San Jose Will Become Bay Area’s First U.S. LEED-Certified City
San Jose has become one of the first U.S. cities to participate in the U.S. Green Building Council’s LEED for Cities certification program. LEED for Cities allows cities and local governments to track citywide sustainability performance. It takes into account 14 metrics, including air quality, education attainment, poverty levels, affordable housing, transportation, water, energy, health, equitability and safety.
The grant provides financial assistance, educational resources and customized technical support. The first round of grants for early adopters was funded by Bank of America and went to six initial grant recipients: San Jose, Washington, D.C., Phoenix, Denver, Atlanta and Chicago.
“San Jose has had a lot of success with its progressive environmental policies,” USGBC Pacific Region Director Brenden McEneaney said.
He said San Jose already has 533 LEED-certified buildings and better energy scores overall, which are already achieving high performance levels. San Jose also unveiled a Climate Smart plan in February with the goal of reducing carbon emissions by 1 million tons per year by 2030.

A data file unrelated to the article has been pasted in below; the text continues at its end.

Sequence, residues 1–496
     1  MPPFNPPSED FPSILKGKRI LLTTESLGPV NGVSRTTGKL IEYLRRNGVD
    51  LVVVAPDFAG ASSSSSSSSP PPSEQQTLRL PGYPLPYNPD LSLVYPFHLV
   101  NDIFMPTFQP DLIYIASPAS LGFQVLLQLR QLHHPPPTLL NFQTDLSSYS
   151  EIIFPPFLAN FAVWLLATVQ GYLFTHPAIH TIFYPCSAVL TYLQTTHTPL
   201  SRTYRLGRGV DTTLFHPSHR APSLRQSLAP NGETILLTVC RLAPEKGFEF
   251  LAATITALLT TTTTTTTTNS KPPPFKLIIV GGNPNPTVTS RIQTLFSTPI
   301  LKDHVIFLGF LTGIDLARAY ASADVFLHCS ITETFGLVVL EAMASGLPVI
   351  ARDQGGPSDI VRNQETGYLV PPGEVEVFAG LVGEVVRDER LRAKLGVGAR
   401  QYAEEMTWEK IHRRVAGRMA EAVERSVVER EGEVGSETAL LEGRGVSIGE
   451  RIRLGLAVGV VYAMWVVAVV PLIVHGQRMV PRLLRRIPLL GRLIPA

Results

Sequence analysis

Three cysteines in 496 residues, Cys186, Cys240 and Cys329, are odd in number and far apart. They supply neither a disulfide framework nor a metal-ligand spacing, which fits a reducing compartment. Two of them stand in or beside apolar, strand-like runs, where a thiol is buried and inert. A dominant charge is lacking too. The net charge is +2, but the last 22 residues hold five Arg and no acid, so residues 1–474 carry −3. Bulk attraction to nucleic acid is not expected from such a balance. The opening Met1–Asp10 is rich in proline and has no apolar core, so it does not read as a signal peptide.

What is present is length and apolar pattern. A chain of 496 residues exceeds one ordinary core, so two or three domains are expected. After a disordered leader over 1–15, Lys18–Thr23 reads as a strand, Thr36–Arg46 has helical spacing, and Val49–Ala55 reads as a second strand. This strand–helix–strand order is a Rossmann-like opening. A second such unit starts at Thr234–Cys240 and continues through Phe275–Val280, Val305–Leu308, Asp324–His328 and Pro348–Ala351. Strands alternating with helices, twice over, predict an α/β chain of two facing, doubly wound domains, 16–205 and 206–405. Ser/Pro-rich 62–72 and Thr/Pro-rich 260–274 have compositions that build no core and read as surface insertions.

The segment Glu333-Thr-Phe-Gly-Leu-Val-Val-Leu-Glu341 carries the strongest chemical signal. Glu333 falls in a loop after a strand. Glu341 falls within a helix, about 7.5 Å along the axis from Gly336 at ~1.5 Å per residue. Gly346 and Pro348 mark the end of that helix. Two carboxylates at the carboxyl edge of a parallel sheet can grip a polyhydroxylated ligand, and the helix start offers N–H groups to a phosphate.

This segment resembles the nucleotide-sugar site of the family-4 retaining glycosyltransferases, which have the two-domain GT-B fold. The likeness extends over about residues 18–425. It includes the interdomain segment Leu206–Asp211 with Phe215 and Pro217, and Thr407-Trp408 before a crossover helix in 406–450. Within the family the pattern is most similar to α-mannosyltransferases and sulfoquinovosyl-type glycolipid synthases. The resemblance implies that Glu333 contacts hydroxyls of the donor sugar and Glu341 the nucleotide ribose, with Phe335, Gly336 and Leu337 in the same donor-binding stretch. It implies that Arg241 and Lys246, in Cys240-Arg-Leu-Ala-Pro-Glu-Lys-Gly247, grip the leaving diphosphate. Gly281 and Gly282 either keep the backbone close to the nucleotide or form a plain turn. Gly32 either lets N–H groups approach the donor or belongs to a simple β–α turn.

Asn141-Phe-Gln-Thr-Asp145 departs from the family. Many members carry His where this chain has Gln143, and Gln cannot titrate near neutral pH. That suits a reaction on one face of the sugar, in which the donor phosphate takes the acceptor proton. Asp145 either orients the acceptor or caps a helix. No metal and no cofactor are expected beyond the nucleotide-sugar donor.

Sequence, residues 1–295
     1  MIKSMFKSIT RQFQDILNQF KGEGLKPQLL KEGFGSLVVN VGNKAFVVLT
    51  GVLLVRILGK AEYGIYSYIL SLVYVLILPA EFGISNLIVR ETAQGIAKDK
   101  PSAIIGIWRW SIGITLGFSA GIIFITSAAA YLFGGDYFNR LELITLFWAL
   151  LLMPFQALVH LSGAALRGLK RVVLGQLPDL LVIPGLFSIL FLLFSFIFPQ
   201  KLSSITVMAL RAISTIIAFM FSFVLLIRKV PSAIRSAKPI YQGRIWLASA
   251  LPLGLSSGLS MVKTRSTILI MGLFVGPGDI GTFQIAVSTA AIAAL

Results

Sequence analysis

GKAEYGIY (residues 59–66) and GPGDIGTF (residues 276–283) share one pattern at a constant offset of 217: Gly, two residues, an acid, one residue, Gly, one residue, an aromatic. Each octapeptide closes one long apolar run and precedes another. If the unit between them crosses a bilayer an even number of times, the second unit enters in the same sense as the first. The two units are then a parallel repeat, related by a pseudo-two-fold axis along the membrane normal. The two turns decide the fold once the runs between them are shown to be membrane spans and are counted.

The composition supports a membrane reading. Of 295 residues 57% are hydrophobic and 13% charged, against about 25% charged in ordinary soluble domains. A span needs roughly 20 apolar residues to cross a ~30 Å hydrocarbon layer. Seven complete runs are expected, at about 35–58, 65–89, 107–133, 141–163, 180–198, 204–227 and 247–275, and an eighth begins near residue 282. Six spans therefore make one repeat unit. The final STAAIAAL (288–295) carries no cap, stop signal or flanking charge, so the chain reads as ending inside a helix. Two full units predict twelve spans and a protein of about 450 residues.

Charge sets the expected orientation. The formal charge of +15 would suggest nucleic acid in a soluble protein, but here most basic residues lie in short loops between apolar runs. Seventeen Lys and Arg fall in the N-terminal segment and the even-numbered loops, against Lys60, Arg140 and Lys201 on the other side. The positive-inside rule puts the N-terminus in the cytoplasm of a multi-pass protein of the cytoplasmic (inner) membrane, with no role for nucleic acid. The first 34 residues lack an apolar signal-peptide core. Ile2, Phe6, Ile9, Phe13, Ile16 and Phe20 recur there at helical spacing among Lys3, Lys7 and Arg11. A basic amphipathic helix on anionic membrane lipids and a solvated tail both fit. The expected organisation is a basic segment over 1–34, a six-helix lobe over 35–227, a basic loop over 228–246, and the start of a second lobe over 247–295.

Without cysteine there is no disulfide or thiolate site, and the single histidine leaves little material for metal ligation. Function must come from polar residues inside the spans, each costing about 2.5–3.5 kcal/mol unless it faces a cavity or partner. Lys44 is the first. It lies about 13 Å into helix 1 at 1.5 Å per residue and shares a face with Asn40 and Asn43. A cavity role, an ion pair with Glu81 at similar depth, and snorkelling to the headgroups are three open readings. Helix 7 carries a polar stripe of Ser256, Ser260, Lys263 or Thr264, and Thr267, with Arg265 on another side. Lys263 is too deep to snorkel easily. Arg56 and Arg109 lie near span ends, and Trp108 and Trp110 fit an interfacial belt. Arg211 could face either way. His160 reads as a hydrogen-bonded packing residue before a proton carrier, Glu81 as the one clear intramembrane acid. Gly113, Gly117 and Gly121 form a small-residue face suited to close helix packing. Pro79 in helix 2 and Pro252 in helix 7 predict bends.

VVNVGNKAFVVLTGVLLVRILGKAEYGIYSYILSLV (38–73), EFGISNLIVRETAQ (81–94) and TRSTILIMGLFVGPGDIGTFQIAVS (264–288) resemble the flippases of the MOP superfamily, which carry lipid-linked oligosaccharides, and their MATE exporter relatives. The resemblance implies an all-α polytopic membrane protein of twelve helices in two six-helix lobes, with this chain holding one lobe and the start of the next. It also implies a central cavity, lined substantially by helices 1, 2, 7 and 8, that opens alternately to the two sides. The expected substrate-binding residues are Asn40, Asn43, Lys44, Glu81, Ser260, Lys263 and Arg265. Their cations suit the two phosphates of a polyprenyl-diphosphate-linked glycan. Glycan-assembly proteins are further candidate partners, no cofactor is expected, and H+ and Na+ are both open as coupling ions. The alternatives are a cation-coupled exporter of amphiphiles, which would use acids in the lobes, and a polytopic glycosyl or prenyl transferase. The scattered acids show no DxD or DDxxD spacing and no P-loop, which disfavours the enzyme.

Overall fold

Other metrics that are considered includ e housing affordability and sustainability within affordable housing. First Community Housing in San Jose and Silicon Valley has been building a lot of transitional housing to LEED Platinum standards and has a mission of creating savings on utility bills to decrease cost to residents, building near transit and providing better access to outdoor space.
McEneaney said he expects the benchmarking data to not only create healthy competition among cities to become the greenest city in the world, but also to provide encouragement and strategies for cities working to become greener.
He said having this data also can contribute to healthier and more sustainable city planning. The data will essentially lead to a report card for the city on what it does well and where it can improve.
“We’re excited to hold up what San Jose is doing to cities around the world,” McEneaney said.